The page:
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Wedding presents for the future Queen Mary

With King George V’s consort, Queen Mary (1867-1953) – a passionate ‘curator-manqué’, particularly of objects of historical interest – fans found their most enthusiastic royal collector, and their first cataloguer. Born Princess Victoria Mary of Teck, she was already known to be keenly interested in fans at the time of the announcement of her engagement to the Duke of York in 1893. Of the forty or so fans that she received as wedding presents, some were antiques ('Cupid and Psyche' and Dutch marriage fan), while others were newly made – in the United Kingdom (Irish lace fan and Honiton lace fan), in France (Point de gaze lace fan) or in the Austro-Hungarian Empire (Capercaillie feather fan).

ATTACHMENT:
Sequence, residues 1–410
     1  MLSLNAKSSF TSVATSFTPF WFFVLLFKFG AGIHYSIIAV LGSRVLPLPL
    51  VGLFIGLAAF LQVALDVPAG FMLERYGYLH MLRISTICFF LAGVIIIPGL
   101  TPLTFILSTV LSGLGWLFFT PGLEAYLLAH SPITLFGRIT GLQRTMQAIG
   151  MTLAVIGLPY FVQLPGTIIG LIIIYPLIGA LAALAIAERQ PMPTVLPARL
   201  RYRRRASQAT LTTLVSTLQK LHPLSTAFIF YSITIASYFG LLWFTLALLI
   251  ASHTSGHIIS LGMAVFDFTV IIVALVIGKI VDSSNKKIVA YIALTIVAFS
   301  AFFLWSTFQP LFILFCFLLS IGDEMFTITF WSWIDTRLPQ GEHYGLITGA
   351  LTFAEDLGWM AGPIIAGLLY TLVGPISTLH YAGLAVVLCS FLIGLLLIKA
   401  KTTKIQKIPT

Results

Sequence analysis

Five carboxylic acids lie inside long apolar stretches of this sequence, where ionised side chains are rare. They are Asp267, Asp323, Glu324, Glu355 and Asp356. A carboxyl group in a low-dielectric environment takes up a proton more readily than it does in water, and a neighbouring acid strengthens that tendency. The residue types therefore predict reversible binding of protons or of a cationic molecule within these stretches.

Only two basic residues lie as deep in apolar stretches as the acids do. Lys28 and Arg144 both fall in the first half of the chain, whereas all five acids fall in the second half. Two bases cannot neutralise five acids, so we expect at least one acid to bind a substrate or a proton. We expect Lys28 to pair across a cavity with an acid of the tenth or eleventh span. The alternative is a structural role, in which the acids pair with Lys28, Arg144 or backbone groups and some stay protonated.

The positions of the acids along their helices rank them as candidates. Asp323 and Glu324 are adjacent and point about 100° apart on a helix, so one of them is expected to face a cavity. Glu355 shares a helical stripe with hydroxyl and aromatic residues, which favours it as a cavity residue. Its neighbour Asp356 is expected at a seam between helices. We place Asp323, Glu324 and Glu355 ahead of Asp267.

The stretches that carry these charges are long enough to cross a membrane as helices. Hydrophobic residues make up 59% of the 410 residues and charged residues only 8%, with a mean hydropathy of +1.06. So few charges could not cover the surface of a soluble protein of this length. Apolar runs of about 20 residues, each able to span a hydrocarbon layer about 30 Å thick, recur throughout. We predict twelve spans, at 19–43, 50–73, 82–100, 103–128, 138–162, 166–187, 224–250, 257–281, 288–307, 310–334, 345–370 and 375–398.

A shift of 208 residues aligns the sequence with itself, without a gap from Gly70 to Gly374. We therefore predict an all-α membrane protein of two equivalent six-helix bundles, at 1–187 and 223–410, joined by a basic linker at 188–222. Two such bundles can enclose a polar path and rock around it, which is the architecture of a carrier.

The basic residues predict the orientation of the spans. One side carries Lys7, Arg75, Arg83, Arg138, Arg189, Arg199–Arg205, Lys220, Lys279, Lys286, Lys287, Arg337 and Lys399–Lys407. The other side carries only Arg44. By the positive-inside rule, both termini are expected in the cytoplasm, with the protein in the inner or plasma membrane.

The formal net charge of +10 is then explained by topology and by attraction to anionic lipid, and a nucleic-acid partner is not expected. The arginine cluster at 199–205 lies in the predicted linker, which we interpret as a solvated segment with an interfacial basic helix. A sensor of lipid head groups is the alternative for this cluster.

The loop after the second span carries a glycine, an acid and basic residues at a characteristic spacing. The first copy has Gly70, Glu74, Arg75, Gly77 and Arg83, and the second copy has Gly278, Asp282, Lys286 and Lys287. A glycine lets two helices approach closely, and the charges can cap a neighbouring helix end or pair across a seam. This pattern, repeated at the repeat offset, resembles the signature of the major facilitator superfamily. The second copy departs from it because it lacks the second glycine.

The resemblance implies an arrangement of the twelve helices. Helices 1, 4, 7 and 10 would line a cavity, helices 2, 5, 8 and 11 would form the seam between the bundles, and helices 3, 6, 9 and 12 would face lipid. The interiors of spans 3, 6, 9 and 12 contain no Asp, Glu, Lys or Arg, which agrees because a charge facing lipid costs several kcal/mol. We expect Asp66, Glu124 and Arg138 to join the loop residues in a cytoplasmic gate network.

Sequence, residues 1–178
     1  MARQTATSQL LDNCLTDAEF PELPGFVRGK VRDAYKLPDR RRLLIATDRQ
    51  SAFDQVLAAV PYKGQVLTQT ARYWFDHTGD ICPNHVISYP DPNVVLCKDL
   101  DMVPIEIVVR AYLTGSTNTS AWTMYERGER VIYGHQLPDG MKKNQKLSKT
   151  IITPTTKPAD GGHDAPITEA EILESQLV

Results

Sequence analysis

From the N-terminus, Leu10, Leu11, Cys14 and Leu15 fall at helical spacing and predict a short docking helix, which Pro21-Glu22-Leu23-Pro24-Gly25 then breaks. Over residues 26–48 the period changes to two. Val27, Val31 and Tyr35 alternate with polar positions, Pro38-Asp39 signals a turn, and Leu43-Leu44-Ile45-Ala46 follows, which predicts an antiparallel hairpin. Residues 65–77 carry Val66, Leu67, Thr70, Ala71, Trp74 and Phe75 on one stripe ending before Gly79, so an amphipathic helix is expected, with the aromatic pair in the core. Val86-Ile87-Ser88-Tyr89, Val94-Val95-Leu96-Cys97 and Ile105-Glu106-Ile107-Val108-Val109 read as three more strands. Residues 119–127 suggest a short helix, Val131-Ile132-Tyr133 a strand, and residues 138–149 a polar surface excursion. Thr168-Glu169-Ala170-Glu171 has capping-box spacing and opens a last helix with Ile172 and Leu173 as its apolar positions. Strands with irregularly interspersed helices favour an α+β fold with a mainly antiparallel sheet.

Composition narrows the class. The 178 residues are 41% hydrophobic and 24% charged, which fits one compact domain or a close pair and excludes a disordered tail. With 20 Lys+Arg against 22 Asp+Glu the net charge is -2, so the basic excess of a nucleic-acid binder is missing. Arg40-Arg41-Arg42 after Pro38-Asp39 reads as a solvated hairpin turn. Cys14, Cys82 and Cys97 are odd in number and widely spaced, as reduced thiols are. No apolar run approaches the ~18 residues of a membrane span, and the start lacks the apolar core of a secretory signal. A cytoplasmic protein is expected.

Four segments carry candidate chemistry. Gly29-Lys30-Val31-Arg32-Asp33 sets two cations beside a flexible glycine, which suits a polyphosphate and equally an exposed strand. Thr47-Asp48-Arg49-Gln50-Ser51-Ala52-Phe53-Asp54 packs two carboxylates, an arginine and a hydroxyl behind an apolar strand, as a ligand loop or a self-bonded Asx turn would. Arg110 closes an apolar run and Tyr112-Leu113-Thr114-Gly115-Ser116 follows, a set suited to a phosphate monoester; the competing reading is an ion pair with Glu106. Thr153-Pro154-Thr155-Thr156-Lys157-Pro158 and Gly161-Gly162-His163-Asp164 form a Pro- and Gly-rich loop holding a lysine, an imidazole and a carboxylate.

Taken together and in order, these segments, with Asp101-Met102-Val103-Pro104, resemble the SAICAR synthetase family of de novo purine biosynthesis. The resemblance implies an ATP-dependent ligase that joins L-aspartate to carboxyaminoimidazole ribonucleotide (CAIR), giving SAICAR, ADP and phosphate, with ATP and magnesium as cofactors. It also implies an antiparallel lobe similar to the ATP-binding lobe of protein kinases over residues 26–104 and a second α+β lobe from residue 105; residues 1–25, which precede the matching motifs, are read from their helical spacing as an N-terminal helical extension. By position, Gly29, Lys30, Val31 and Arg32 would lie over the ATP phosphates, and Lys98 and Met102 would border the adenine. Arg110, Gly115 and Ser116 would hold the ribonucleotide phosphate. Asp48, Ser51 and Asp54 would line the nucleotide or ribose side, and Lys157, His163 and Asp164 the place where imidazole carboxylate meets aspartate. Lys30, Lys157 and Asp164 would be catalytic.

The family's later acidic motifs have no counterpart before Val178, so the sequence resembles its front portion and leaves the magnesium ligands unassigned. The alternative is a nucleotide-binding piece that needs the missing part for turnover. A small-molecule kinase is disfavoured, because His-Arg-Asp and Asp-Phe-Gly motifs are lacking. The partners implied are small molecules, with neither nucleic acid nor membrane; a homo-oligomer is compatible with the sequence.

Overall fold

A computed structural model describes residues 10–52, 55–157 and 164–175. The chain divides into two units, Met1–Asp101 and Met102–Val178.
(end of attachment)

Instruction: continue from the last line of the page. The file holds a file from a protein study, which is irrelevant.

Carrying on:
The fans presented were of a uniformly high quality. The beautiful painted fan on part-gilded ivory sticks was a gift from the Spanish ambassador, but is a superb example of the mid-eighteenth-century English fan-maker’s art. It is likely that many of these fans were used by the recipient: the fan depicting 'La Fontaine de Jouvence' was appropriately held by Queen Mary at the wedding of the donors’ son, Prince Ernest Augustus, in Berlin in 1913.

Among the contemporary examples, fans with painted leaves vied with others incorporating leaves made of lace or other materials recently introduced to fan-making – for instance the feathers of game birds (Capercaillie feather fan). The bride’s name or cipher was often applied to the guards. On the beautiful mother-of-pearl fan with Honiton lace leaf, the crowned monogram is instead worked into the design of the lace in the centre of the leaf.

The income from your ticket contributes directly to The Royal Collection Trust, a registered charity. The aims of The Royal Collection Trust are the care and conservation of the Royal Collection, and the promotion of access and enjoyment through exhibitions, publications, loans and educational activities.